Leadership Changes Coming to the Federal Reserve?

The Chairperson of the Federal Reserve (Fed) is appointed by the President of the United States and serves a four-year term. The current Chairperson, Jerome Powell, has held that position since 2018 so his initial term is ending early next year. As such, markets are beginning to wonder if Powell will be reappointed or if President Biden will select someone else to lead the Fed. While the (re)appointment of the Fed chair has largely been a non-event, what makes this time different is that this will be the first time in modern memory that a potential leadership change is taking place just as monetary policy is about to change as well. A surprise selection by the President has the potential to add uncertainty and, thus, volatility to markets.

“If monetary policy alone wasn’t already market moving, we now have to watch for a potential change in leadership at the Fed,” noted LPL Financial Fixed Income Strategist Lawrence Gillum. “Markets think Powell gets another four years so a shift in leadership could potentially be disruptive for markets.”

So, if not Powell, the leading candidate to replace him is Lael Brainard. A comparison between the two candidates follows:

  • On monetary policy: Both Powell and Brainard are considered “doves” as both believe current levels of monetary accommodation are still warranted and that we still have not made substantial further progress towards full employment.
  • On financial regulation: Brainard has expressed her frustration with Powell’s inability to aggressively regulate big banks, which recently caught the attention of the more progressive wing of the Democratic Party. The assumption here is that Brainard would use all the regulatory tools at the Fed’s disposal to head off financial excesses.
  • On including social goals within monetary policy: Conventional wisdom is that Brainard would be more willing to incorporate social considerations when enacting monetary policy. However, Powell has put a lot of emphasis on the breadth and inclusiveness of the job market recovery, especially when it comes to lower income households and communities of color.
  • On political ideology: While the Fed has claimed political independence, the sitting President still nominates the Fed Chair and the Senate vets the selection. Powell, a Republican, was nominated by then-President Trump, so there will likely be political pressure from Democrats to choose a candidate from their side of the aisle. Brainard, a Democrat, spent time at the U.S. Department of the Treasury and served as the deputy national economic adviser and deputy assistant to President Clinton.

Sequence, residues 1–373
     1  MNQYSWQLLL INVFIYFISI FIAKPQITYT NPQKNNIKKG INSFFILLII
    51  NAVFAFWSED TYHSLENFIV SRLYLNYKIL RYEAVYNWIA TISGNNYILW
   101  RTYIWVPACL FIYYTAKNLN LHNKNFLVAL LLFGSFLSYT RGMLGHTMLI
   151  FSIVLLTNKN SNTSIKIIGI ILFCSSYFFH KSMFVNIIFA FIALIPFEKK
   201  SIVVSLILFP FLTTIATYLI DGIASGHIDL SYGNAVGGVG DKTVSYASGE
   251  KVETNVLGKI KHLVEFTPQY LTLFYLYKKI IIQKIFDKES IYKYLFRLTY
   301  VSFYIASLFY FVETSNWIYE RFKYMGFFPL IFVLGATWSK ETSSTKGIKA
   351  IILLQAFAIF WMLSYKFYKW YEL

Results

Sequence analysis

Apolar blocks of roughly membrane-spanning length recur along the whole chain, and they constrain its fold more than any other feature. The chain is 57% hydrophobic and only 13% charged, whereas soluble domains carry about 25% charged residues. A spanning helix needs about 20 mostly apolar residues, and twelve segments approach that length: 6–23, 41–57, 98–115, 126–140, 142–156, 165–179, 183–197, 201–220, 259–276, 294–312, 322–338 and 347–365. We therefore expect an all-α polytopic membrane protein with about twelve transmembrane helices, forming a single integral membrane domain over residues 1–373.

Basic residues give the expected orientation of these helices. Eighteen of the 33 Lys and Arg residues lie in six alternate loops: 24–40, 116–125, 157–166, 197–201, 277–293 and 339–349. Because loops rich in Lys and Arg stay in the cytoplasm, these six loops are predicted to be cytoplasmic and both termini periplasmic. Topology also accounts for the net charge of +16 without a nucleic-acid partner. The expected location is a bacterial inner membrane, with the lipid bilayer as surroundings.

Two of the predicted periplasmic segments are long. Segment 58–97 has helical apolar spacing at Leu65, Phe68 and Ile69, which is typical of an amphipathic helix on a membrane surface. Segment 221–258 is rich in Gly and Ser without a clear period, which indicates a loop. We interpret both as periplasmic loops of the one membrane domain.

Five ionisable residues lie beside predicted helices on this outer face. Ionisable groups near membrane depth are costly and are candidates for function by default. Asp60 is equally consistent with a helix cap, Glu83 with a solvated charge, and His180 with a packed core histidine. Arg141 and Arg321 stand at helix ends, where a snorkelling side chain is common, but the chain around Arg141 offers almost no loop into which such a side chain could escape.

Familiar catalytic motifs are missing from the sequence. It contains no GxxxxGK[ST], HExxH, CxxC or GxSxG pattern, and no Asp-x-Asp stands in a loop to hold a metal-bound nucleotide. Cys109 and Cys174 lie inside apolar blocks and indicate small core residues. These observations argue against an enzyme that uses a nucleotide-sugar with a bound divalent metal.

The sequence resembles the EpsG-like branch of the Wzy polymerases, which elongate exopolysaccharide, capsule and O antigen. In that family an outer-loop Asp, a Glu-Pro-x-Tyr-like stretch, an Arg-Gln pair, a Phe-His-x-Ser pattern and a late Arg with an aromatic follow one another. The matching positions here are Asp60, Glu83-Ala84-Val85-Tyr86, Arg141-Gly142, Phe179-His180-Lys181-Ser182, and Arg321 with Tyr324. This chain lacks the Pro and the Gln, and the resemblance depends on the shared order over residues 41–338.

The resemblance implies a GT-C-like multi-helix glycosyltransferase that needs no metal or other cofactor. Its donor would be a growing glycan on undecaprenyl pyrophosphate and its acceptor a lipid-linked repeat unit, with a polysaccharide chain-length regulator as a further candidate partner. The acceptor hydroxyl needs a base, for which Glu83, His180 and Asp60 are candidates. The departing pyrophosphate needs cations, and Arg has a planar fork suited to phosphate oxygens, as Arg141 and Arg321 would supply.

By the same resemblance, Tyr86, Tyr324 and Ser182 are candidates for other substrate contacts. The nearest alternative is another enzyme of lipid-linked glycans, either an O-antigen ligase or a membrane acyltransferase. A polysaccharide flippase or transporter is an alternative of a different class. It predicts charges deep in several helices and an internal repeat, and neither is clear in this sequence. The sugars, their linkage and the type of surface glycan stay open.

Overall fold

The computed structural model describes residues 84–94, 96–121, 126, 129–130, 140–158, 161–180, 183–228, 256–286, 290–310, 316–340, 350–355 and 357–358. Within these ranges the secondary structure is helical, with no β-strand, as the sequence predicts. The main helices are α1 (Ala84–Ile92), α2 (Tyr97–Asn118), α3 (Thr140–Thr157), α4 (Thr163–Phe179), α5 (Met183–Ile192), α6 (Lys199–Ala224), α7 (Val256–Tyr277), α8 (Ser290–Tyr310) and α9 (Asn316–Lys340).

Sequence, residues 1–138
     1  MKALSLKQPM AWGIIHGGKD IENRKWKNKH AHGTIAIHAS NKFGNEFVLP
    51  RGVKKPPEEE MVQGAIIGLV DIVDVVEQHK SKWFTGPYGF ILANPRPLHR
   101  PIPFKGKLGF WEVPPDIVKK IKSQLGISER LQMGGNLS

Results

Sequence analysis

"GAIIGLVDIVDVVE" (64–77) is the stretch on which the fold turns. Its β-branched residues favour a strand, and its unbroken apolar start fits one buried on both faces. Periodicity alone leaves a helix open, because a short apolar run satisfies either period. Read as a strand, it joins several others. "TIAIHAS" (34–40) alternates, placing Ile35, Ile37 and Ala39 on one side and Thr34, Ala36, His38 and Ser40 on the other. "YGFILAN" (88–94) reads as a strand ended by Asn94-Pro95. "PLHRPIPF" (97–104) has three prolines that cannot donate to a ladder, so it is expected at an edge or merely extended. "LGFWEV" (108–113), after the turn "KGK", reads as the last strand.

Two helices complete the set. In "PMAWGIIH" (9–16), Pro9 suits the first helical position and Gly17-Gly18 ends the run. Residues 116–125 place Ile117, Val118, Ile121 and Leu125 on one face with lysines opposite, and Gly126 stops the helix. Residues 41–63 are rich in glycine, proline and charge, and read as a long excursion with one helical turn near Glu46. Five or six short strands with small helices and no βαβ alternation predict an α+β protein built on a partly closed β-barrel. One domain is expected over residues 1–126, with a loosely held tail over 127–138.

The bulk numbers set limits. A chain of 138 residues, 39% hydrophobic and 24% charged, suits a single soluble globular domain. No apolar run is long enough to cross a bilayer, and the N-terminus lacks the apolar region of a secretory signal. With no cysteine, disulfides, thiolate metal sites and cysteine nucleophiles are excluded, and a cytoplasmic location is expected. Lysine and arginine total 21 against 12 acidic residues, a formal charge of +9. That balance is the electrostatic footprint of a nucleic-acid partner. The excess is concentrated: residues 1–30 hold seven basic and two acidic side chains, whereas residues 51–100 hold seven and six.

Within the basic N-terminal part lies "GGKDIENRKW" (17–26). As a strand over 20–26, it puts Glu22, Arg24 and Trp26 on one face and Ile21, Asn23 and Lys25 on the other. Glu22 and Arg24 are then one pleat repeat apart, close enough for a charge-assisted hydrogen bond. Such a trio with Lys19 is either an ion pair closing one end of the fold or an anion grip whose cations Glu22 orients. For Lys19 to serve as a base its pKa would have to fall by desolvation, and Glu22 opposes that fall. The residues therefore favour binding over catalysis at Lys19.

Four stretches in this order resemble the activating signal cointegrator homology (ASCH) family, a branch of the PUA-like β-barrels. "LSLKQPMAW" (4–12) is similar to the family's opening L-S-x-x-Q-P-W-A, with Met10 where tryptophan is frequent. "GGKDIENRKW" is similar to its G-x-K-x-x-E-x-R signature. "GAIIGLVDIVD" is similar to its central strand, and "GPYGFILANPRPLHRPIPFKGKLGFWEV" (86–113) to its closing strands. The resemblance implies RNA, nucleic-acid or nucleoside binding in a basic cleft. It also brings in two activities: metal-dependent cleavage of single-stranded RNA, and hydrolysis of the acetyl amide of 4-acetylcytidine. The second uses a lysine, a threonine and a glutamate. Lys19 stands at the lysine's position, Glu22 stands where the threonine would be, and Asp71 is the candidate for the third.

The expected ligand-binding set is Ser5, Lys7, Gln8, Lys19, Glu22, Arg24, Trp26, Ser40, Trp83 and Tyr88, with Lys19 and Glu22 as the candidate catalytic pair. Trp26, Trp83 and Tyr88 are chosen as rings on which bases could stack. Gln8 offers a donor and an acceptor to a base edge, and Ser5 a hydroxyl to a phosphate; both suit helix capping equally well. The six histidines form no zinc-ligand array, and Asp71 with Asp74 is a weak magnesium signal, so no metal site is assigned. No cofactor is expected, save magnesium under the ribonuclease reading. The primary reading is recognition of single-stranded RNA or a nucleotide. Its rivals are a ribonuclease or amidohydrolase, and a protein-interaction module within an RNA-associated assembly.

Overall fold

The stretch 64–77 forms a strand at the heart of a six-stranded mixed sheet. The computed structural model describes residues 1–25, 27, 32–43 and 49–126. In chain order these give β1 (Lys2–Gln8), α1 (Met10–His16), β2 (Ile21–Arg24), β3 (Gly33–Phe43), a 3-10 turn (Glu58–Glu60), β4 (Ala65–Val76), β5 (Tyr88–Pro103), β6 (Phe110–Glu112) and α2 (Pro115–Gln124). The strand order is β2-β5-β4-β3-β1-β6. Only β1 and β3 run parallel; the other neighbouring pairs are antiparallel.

Our best guess is that Biden will reappoint Powell but it is not a sure thing. Powell has done a commendable job supporting markets during the COVID-19 shutdowns. Moreover, while we’re out of the recession, we aren’t through with the pandemic and we think stability and leadership continuity is important. Plus, Biden has other opportunities to influence the make-up of the Fed as the Fed Vice Chair’s term ends next January and the Vice Chair of Supervision’s term in that position ends in October 2021. Moreover, there is a vacancy on the board as Trump’s final nominees failed to garner enough Senate support to be appointed.

All that said, regardless of who is ultimately appointed to lead the Fed, he/she will be chiefly responsible for overseeing a balance sheet that continues to grow. As seen on the LPL Research Chart of the Day, the Fed’s balance sheet continues to grow and will continue to grow even after the taper announcement. The Fed is buying $120 billion a month ($80 billion in Treasury securities and $40 billion in mortgage securities), adding to its over $7 trillion of bond holdings. Once the tapering process starts, the Fed will continue to purchase bonds, in ever-smaller monthly increments, until it is no longer purchasing bonds at all, which will likely be in the middle of next year. Conceivably though, the Fed’s balance sheet could eclipse $8 trillion next year.

See enlarged chart.

While we do not think a change in Fed leadership will change the trajectory of tapering, it may change the timing and pace of interest rate hikes. Additionally, the Fed has indicated a willingness to eventually start to reduce its balance sheet, which could be a key responsibility of the next Fed Chair. It’s still too soon to know for sure which direction Biden will go but markets will be watching.


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